A ministerial agreement to permanently increase the base rate of JobSeeker was put to the Coalition party room meeting on Tuesday, before it was announced that the rate will come into effect once the $150 coronavirus supplement expires at the end of March.
During the pandemic, the federal government doubled the unemployment benefit to $550 a week, while the JobSeeker base payment is currently $565 a fortnight for singles without children, with the $150 COVID-19 supplement set to end next month.
Speaking at a press conference on Tuesday, Prime Minister Scott Morrison said that his government is confident that it will “once again” be able to provide a social safety net to Australians coming out of the COVID-19 recession without work.
“That puts JobSeeker at 41.2 per cent of the national minimum wage, which is commensurate with what it was during the Howard government,” Mr Morrison said.
“It is true that it is the single largest increase in the JobSeeker payment since the mid-80s, year-on-year, that is true.”
The increase will apply to JobSeeker, as well as a rise to Youth Allowance, Austudy, Abstudy, and Parenting Payments, expected to cost close to $9 billion over four years.
The government is also set to increase the income-free area by $150 a fortnight, allowing recipients to earn more money before their payments are reduced.
The increase comes after the Reserve Bank of Australia, Labor, the Greens and a selection of peak bodies warned against lowering JobSeeker to pre-pandemic rates.
Speaking at the National Press Club earlier this month, Reserve Bank governor Philip Lowe said a cut to wage subsidies in March could cause “some slowing in employment growth”, with economic recovery through the COVID-19 recession expected to translate to growth of 3.5 per cent over the next two years.
Despite the increase, doubts remain over whether the boost is enough. In a statement on Tuesday, CPA Australia welcomed the permanent increase, but echoed concerns of welfare groups who had pushed for a more “substantial” increase of $175 a fortnight.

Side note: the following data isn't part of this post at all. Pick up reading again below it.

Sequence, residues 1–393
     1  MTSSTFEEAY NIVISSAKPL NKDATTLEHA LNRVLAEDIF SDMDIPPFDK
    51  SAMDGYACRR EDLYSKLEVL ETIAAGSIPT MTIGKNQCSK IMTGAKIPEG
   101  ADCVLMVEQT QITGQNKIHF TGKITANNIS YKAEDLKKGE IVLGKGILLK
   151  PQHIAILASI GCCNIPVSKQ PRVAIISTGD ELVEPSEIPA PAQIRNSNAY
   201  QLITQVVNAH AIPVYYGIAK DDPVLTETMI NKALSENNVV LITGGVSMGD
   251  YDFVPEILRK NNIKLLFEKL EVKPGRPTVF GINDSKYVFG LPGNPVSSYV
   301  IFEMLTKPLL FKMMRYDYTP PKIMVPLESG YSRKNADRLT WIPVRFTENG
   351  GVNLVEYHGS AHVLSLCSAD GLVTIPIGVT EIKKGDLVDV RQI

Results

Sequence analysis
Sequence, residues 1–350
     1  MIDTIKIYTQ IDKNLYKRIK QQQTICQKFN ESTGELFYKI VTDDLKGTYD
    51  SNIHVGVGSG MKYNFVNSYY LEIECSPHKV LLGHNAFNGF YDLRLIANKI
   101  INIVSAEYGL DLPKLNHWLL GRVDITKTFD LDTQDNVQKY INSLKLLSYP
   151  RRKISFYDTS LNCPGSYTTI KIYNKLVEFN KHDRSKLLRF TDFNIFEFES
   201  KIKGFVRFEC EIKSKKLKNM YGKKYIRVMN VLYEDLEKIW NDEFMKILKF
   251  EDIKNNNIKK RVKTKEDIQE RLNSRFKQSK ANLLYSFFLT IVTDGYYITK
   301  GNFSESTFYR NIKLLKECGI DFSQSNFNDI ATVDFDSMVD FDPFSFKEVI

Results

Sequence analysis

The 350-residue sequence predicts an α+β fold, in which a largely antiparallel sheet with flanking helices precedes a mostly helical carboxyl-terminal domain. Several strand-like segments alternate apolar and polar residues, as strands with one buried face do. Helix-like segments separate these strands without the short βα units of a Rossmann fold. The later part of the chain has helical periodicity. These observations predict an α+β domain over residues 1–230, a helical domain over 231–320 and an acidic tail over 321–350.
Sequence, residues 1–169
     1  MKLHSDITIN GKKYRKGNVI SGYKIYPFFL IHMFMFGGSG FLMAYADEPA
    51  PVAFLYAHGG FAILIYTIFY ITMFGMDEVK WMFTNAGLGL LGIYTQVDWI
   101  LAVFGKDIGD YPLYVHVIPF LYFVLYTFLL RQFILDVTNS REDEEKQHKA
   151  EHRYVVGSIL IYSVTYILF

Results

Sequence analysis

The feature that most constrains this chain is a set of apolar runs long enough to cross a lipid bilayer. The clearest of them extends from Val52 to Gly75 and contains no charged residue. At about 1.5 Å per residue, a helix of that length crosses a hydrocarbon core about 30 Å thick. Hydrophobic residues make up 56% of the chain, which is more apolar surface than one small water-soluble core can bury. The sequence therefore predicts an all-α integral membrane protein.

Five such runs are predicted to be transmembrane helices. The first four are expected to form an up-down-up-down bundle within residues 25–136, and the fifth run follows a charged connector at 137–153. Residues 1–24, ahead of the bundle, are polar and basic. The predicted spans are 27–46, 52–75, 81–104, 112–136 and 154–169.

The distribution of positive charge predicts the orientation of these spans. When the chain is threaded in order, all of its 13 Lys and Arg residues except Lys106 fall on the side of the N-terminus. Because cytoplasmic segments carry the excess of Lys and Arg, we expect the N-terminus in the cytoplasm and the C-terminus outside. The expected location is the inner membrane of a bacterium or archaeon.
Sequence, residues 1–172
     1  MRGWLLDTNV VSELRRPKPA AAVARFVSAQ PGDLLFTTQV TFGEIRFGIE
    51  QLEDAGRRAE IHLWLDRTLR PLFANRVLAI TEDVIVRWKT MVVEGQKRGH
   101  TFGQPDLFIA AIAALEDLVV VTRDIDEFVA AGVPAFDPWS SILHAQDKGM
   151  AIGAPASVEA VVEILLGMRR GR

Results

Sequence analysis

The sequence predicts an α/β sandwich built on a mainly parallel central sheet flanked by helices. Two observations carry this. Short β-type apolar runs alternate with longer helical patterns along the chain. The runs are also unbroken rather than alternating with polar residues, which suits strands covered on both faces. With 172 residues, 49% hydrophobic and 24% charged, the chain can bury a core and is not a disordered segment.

“For many unemployed workers, the JobSeeker payment doesn’t provide adequate support or security,” said CPA Australia chief executive Andrew Hunter. “An increase was overdue before the pandemic.
“One of the surest ways to get money circulating in an economy is to assist people who will spend it.
“JobSeeker recipients have limited capacity to save and will use additional amounts to buy goods and services that support business and the economy.”
CPA Australia has urged the government to establish a regular review process for JobSeeker, similar to the annual wage reviews conducted by the Fair Work Commission.
“From a public interest perspective, people who are unable to find work shouldn’t be denied the ability to afford the basics; they shouldn’t be excluded from actively participating in society,” Mr Hunter said.
“It doesn’t make sense to leave so many households struggling to make ends meet in these difficult times.”
John Buckley is a journalist at Accountants Daily.
Before joining the team in 2021, John worked at The Sydney Morning Herald. His reporting has featured in a range of outlets including The Washington Post, The Age, and The Saturday Paper.